Like most Internet-of-things devices these days, Amazon’s Echo Dot gives users a way to perform a factory reset so that, as the corporate behemoth says, users can “remove any … personal content from the applicable device(s)” before selling or discarding them. But researchers have recently found that the digital bits that remain on these reset devices can be reassembled to retrieve a wealth of sensitive data, including passwords, locations, authentication tokens, and other things.
Most IoT devices, the Echo Dot included, use NAND-based flash memory to store data. Like traditional hard drives, NAND—which is short for the boolean operator “not and”—stores bits of data so they can be recalled later. But whereas hard drives write data to magnetic platters, NAND uses silicon chips. NAND is also less stable than hard drives because reading and writing to it produces bit errors that must be corrected using error-correcting code.
NAND is usually organized in planes, blocks, and pages. This design allows for a limited number of erase cycles, usually in the neighborhood of 10,000 to 100,000 times per block. To extend the life of the chip, blocks storing deleted data are often invalidated rather than wiped. True deletions usually happen only when most of the pages in a block are invalidated. This process is known as wear-leveling.
Researchers from Northeastern University bought 86 used devices on eBay and at flea markets over a span of 16 months. They first examined the purchased devices to see which ones had been factory reset and which hadn’t. Their first surprise: 61 percent of them had not been reset. Without a reset, recovering the previous owners’ Wi-Fi passwords, router MAC addresses, Amazon account credentials, and information about connected devices was relatively easy.
The next surprise came when the researchers disassembled the devices and forensically examined the contents stored in their memory.
“An adversary with physical access to such devices (e.g., purchasing a used one) can retrieve sensitive information such as Wi-Fi credentials, the physical location of (previous) owners, and cyber-physical devices (e.g., cameras, door locks),” the researchers wrote in a research paper. “We show that such information, including all previous passwords and tokens, remains on the flash memory, even after a factory reset.”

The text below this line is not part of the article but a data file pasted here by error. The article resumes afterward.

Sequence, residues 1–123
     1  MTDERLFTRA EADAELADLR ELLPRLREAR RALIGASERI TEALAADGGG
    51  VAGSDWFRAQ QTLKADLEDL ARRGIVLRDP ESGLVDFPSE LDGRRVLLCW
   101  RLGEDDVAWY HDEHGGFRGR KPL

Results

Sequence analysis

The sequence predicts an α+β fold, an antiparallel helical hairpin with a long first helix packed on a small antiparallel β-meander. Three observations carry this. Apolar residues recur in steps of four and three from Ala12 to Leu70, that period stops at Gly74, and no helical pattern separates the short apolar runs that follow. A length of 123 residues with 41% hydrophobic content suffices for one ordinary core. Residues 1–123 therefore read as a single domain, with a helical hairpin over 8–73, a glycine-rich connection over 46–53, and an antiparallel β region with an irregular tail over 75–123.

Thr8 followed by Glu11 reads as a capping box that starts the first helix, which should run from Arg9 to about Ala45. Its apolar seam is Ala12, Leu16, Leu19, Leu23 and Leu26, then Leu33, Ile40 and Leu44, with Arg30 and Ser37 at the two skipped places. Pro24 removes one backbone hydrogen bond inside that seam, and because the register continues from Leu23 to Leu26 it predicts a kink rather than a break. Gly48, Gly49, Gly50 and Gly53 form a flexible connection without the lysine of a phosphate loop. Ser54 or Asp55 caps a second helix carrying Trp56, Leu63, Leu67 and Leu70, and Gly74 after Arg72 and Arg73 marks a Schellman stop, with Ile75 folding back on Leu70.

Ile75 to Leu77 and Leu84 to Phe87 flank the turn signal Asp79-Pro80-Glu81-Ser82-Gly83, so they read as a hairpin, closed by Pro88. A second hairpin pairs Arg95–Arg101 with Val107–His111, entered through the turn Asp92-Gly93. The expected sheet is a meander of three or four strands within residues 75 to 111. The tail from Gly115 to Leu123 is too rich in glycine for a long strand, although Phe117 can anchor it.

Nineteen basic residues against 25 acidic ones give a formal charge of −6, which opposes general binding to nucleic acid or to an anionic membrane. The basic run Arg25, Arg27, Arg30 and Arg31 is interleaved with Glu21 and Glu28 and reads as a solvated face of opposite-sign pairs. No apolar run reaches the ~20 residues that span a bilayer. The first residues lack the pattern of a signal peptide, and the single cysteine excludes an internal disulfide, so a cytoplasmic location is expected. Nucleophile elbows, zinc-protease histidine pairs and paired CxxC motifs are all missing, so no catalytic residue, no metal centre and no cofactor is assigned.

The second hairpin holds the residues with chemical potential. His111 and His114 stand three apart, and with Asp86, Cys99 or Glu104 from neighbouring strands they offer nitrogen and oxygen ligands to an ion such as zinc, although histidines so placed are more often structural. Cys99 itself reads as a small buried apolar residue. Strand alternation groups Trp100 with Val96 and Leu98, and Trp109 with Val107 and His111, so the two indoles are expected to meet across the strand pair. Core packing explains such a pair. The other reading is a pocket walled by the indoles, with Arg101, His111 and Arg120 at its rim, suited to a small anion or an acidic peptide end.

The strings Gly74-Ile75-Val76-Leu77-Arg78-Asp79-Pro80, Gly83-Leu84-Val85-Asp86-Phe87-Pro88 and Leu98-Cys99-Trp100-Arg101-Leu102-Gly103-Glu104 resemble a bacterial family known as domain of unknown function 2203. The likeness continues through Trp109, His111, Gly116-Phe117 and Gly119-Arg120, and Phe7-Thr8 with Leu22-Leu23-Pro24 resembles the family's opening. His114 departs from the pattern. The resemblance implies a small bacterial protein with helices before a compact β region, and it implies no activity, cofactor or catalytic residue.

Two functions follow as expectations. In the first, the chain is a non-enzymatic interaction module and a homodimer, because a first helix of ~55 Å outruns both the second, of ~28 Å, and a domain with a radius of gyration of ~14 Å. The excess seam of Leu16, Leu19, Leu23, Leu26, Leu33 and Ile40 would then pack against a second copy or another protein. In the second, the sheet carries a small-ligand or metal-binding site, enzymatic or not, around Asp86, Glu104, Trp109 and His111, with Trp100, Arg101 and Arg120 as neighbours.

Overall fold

Used Echo Dots and other Amazon devices can come in a variety of states. One state is the device remains provisioned, as the 61 percent of purchased Echo Dots were. The devices can be reset while they are connected to the previous owner’s Wi-Fi network, reset while disconnected from Wi-Fi, either with or without deleting the device from the owner’s Alexa app.
Depending on the type of NAND flash and the state of the previously owned device, the researchers used several techniques to extract the stored data. For reset devices, there’s a process known as chip-off, which involves disassembling the device and desoldering the flash memory. The researchers then use an external device to access and extract the flash contents. This method requires a fair amount of equipment, skill, and time.
A different process called in-system programming allows the researchers to access the flash without desoldering it. It works by scratching some of the solder mask coating off of the printed circuit board and attaching a conductive needle to an exposed piece of copper to tap into the signal trace, which connects the flash to the CPU.
The researchers also created a hybrid chip-off method that causes less damage and thermal stress to the PCB and the embedded multi-chip package. These defects can cause short circuiting and breakage of PCB pads. The hybrid technique uses a donor multi-chip package for the RAM and the embedded multi media card portion of the original multi-chip package externally. This method is mostly interesting to researchers who want to analyze IoT devices.
In addition to the 86 used devices, the researchers bought six new Echo Dot devices and, over a span of several weeks, provisioned them with test accounts at different geographic locations and different Wi-Fi access points. The researchers paired the provisioned devices to different smart home and Bluetooth devices. The researchers then extracted the flash contents from these still-provisioned devices using the techniques described earlier.